Jiang Liu

I am a 4-th year PhD student at Department of Electrical and Computer Engineering, Johns Hopkins University (JHU), advised by Prof. Rama Chellappa. I am a member of AIEM lab , and CIS. I received my MSE degree from JHU in 2021, and BSE degree from Department of Automation, Tsinghua University in 2019 advised by Prof. Jianjiang Feng and Prof. Jie Zhou.

In summer 2022, I worked as an Applied Scientis Intern at Amazon AWS AI working on vision-language problem mentored by Dr. Hui Ding, Dr. Zhaowei Cai, and Dr. Yuting Zhang. I've also worked as a Deep Learning Research Scientist Intern at Subtle Medical developing novel Transformer-based magnetic resonance imaging (MRI) algorithms.

Email  /  Google Scholar  /  Github

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My research interests focus on building trustworthy AI systems that can benefit human beings. A major part of my research focuses on developing principled algorithms for defending AI systems against adversarial attacks. Besides adversarial robustness, I'm also interested in developing computer vision and machine learning techniques to improve healthcare, such as medical imaging.

Selected Publications
Interpolated Joint Space Adversarial Training for Robust and Generalizable Defenses
Chun Pong Lau, Jiang Liu, Hossein Souri, Wei-An Lin, Soheil Feizi, Rama Chellappa
IEEE Transactions on Pattern Analysis and Machine Intelligence (TPAMI), 2023
IEEE / arXiv / bibtex

We propose a novel threat model called Joint Space Threat Model (JSTM), which exploit the underlying manifold information with Normalizing Flow, ensuring that exact manifold assumption holds. Under JSTM, we develop novel adversarial attacks and defenses. Furthermore, we propose the Robust Mixup strategy in which we maximize the adversity of the interpolated images and gain robustness and prevent overfitting.

One Model to Synthesize Them All: Multi-contrast Multi-scale Transformer for Missing Data Imputation
Jiang Liu*, Srivathsa Pasumarthi*, Ben Duffy, Enhao Gong, Keshav Datta, Greg Zaharchuk (*equal contribution)
IEEE Transactions on Medical Imaging (TMI), 2022
IEEE / arXiv / bibtex

In this paper, we formulate missing data imputation as a sequence-to-sequence learning problem and propose a multi-contrast multi-scale Transformer (MMT), which can take any subset of input contrasts and synthesize those that are missing. It can efficiently capture intra- and inter-contrast dependencies for accurate image synthesis. Moreover, MMT is inherently interpretable. It allows us to understand the importance of each input contrast in different regions by analyzing the in-built attention maps of MMT decoder.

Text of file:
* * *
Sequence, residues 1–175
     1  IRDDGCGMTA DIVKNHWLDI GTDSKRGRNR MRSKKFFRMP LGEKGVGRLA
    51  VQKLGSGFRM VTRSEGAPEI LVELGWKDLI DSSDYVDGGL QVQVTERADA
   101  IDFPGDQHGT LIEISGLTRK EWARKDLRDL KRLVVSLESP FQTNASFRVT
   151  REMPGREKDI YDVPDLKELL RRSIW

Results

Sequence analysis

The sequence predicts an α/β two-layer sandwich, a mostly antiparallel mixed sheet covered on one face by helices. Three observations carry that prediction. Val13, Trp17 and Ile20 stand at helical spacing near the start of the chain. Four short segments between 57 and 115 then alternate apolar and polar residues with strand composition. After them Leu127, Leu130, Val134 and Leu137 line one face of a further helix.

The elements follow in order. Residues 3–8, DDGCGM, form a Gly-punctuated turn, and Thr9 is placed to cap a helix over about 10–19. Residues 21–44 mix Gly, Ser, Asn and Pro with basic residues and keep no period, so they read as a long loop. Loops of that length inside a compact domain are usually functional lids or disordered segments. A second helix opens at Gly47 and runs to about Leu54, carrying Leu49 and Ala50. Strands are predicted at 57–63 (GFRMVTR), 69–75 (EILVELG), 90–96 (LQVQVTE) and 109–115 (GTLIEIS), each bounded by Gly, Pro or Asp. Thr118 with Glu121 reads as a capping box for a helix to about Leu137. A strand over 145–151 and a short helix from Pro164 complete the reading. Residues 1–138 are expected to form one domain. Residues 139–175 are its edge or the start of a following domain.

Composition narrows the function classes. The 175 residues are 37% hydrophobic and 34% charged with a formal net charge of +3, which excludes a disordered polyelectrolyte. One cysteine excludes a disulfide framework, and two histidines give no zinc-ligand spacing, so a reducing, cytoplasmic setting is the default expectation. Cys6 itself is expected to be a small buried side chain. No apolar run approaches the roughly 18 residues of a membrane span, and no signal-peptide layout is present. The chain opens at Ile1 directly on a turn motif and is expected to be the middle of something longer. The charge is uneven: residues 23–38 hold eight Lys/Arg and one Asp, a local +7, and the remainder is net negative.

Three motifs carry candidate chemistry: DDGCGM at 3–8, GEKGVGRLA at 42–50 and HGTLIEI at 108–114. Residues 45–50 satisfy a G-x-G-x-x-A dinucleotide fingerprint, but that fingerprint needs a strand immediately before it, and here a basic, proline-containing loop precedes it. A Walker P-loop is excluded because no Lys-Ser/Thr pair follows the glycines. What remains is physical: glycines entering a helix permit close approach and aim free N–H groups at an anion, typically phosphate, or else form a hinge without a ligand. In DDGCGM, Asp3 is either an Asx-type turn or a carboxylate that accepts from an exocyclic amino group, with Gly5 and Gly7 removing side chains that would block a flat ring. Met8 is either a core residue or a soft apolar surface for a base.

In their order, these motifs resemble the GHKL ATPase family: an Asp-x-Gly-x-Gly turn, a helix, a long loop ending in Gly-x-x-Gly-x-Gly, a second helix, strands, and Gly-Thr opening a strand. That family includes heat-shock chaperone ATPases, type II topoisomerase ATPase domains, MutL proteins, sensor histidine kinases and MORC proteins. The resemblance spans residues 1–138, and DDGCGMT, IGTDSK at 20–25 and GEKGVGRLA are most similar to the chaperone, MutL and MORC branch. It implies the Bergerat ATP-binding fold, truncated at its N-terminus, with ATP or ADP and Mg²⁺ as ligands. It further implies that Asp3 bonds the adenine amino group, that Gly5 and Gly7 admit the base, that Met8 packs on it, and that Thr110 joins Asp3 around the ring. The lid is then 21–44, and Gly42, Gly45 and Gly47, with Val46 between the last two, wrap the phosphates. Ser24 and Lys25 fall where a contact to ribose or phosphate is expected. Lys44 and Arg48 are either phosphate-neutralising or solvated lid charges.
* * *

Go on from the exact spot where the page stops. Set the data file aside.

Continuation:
PolyFormer: Referring Image Segmentation as Sequential Polygon Generation
Jiang Liu*, Hui Ding*, Zhaowei Cai, Yuting Zhang, Ravi Kumar Satzoda, Vijay Mahadevan, R. Manmatha (*equal contribution)
CVPR, 2023
Project Page / arXiv / code / bibtex

In this work, instead of directly predicting the pixel-level segmentation masks, the problem of referring image segmentation is formulated as sequential polygon generation, and the predicted polygons can be later converted into segmentation masks. This is enabled by a new sequence-to-sequence framework, Polygon Transformer (PolyFormer), which takes a sequence of image patches and text query tokens as input, and outputs a sequence of polygon vertices autoregressively.

Segment and Complete: Defending Object Detectors Against Adversarial Patch Attacks With Robust Patch Detection
Jiang Liu, Alexander Levine, Chun Pong Lau, Rama Chellappa, Soheil Feizi
CVPR, 2022
PDF / Supp / arXiv / bibtex / code / Apricot-Mask Dataset

In this paper, we propose Segment and Complete defense (SAC), a general framework for defending object detectors against patch attacks through detection and removal of adversarial patches. SAC achieves superior robustness even under strong adaptive attacks with no reduction in performance on clean images, and generalizes well to unseen patch shapes, attack budgets, and unseen attack methods.

Mutual Adversarial Training: Learning together is better than going alone
Jiang Liu, Chun Pong Lau, Hossein Souri, Soheil Feizi, Rama Chellappa
IEEE Transactions on Information Forensics and Security (TIFS), 2022
IEEE / arXiv / bibtex

In this paper, we propose mutual adversarial training (MAT), in which multiple models are trained together and share the knowledge of adversarial examples to achieve improved robustness. MAT allows robust models to explore a larger space of adversarial samples, and find more robust feature spaces and decision boundaries. We show that MAT can improve model robustness for both single and multiple perturbations.

Source code credit to Dr. Jon Barron.